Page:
\'\ ivflami, July lo.— Clevelauds did
some heavy work at Hie bat to-day, Esper
proving an easy mark. Clevrixnds 23, base
mi* -'■>. errors 3. Washington* 4 base hits 10,
errors 6. Butteries— Zlmmer and Young, Esper
ami Dimdale. Omjiire— Ktnslle.
CiinCinnati, July 10.— The JNew Yorks could
not bat I "Ajer soeeessfullf and their scattered
hlt« counted for nothing. Score: Clnclnnatls
7, bane hits 18, errors 1. New York* 3, base
lilts 9, errors 1. Batteries— Murphy and Dwyer,
Terrell and Meektn. Umpire— Gaffney.
Bai.timori:, July 10.— The lifts hurts out
played ihe Orioles at all point. Score: Balti
mores 9, base hits 12. errors 5. Pittsburghs 19,
base tilts 22, errors 3. — Mnllanr, Me-
Mahon and Clarke; Eliret and Jlerrllt. Lin
— — —
Claims of Certain San Francisco
Banks Ruled Out.
Washington*, July 10.—^Representative Ma
tune's bill to refer 10 t lie Court of Claims the
claims of the Masonic Barings . nd Loan bank,
Pacitic Bank, Kwlss-Anierlcan ISank. Bank of
Kriiish Co lit in a and the Savings and Loan
Society, all of tiau Francisco, lias been re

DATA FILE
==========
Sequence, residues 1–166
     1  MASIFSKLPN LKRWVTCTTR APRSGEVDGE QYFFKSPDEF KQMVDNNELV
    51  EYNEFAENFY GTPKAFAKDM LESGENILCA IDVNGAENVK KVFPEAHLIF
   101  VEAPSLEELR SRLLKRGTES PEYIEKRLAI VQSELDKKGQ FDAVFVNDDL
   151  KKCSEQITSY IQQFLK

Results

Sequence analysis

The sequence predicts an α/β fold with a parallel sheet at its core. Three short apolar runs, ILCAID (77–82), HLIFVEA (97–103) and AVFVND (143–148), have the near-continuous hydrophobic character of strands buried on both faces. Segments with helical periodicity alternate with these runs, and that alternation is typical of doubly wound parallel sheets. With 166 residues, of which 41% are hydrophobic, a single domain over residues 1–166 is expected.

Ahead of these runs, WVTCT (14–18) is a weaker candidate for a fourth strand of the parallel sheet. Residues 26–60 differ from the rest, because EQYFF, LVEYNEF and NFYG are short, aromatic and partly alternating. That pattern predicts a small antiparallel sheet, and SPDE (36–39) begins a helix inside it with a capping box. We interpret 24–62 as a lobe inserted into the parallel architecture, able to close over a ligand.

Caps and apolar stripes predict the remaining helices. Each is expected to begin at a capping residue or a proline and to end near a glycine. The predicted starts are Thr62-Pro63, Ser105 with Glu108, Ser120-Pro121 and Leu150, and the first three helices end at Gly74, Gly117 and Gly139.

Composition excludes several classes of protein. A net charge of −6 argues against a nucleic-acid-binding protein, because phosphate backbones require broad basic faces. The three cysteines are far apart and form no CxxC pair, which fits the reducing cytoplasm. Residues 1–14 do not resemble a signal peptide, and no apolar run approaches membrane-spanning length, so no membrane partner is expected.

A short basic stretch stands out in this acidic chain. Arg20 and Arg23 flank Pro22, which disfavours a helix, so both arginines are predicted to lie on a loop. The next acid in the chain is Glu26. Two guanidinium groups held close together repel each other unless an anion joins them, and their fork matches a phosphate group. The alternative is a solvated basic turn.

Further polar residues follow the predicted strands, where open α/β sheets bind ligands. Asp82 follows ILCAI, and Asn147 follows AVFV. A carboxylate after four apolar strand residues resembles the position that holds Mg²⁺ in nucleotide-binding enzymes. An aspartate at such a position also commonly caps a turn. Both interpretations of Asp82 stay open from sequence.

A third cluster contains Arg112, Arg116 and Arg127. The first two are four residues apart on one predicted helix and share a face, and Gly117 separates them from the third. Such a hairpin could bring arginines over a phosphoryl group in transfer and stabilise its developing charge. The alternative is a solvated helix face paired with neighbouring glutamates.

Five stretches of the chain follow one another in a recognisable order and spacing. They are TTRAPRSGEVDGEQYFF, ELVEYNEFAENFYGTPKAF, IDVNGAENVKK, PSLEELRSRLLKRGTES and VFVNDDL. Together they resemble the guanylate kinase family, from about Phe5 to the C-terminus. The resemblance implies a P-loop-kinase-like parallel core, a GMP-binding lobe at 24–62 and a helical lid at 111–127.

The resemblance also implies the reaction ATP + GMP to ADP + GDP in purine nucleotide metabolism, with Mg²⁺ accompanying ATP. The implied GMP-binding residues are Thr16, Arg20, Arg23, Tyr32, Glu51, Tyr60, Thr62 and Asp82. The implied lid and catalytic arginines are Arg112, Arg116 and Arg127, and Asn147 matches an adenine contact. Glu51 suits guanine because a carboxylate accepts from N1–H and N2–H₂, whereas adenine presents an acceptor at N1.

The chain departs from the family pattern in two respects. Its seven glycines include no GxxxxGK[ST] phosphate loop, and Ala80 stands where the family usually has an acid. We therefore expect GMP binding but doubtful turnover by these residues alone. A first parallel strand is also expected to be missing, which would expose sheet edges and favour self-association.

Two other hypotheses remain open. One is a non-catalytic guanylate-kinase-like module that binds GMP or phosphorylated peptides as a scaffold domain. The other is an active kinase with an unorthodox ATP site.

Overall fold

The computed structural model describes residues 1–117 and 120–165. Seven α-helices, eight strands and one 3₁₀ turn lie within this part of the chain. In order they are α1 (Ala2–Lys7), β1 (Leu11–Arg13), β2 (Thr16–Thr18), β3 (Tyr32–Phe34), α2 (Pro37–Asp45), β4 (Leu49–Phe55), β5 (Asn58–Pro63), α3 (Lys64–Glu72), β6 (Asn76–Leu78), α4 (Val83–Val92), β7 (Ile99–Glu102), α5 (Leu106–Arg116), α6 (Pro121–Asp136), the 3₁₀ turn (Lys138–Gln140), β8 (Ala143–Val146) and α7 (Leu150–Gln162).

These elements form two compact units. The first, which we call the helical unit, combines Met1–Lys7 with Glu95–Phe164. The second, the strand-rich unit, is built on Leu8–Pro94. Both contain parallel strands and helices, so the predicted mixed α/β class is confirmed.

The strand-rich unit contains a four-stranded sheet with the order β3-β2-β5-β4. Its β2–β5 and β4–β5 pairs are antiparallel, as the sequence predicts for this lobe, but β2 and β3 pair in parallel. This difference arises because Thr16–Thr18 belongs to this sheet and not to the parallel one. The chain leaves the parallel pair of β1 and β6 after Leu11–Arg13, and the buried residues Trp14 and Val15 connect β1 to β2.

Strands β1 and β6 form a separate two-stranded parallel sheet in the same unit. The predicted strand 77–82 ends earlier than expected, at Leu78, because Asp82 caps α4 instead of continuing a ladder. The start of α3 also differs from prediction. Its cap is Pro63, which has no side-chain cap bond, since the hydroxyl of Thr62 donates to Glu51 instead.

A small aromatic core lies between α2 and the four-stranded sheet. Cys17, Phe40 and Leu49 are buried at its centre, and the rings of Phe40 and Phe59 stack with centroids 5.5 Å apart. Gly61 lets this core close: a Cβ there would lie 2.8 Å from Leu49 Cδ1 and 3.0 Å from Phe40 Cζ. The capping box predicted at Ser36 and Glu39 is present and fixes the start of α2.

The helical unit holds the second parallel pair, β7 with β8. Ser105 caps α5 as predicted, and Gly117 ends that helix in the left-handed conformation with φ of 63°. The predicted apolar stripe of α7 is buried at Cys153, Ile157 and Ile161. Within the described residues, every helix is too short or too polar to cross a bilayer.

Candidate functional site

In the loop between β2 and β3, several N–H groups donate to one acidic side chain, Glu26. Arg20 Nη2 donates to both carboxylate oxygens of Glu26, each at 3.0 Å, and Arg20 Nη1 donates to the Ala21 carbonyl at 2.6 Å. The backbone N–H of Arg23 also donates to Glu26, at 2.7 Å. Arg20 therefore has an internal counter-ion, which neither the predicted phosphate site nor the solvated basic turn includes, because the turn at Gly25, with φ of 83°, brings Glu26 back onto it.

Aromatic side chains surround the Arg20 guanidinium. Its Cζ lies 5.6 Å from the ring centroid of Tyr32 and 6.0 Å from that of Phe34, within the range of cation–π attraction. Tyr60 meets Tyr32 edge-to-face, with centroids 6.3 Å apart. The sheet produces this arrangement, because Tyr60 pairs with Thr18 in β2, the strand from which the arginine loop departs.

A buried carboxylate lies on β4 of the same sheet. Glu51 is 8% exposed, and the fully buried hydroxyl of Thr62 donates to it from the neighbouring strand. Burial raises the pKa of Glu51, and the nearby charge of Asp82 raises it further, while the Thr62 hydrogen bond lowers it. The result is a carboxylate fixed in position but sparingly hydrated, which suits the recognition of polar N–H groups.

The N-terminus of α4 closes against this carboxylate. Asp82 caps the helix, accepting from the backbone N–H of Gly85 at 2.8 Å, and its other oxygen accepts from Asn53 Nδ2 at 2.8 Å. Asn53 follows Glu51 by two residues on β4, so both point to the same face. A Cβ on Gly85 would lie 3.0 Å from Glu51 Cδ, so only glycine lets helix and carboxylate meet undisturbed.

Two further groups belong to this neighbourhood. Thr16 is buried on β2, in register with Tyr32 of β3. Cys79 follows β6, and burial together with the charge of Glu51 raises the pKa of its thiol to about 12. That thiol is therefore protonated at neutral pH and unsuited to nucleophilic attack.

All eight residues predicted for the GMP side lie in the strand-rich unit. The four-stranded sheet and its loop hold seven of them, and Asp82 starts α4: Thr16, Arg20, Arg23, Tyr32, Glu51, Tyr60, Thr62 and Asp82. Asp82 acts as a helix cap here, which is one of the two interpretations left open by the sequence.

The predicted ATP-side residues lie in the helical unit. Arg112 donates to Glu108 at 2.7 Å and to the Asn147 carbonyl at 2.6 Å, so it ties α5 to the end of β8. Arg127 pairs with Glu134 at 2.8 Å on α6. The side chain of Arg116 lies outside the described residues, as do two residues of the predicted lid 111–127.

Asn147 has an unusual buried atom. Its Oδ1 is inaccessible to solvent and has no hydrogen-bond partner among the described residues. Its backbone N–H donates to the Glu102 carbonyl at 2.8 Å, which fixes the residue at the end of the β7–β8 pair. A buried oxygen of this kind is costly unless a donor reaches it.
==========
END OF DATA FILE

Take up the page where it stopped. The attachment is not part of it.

ported adversely In ihe House of .Representa
tives. Trie claims were presented on account
of Naval Pay Inspector Spaldlng's fraudulent
Issue of naval supply ceitllica'es. The amounts
The House to-day passed it bill for the relief
of Colonel A. £. Kedsione of California lv the
sum of $1800 as indemnity for lands and tin
rirovemeuts within the Sequoia National Pant
claimed by him. At the meeting of the National
Boaid of Managers of the Soldiers' Homes
Colonel Rowland was elected governor of the
Sa'.ita Monica Home. The following pensions
have been anted: California: Original—
William llealy, Sau Francisco; John Daver,
Veterans' Home. Nairn; .lo«hnn 11. Crane, San
Diego; Leonard Marcba, Pasadena. Ten
years' service— William Moore of V;iliejo. lie
newal and increase— trauci* M. Sherman of
Nestor, Sa« Dieco County. Reissue— William
Laney (deceased) of St. Helena. >"hi> i County,
increase— Jeremiah F. Hutchlns of E*coudido,
San Dleco County. Uiigiual widows, etc.—
Martha E. Shelterly of Spencerville, Nevada
County. Mexican War survivors, Increase—
William Baggelt of Gaivauza. Los Angeles
KiCUARns ■& Co.. druggists, 406-8 Clay. •
• — ♦ — • — —
YALE BOYS AT OXFORD.
They Are Fined for Discharging Fire
works in the Street.
Oxford, England. July 10.— Steward
Sherrlll and George F. Sanford of the
Yale team were present to-day in court,
charged with netting off fireworks in High
street on the Fourth of July. They both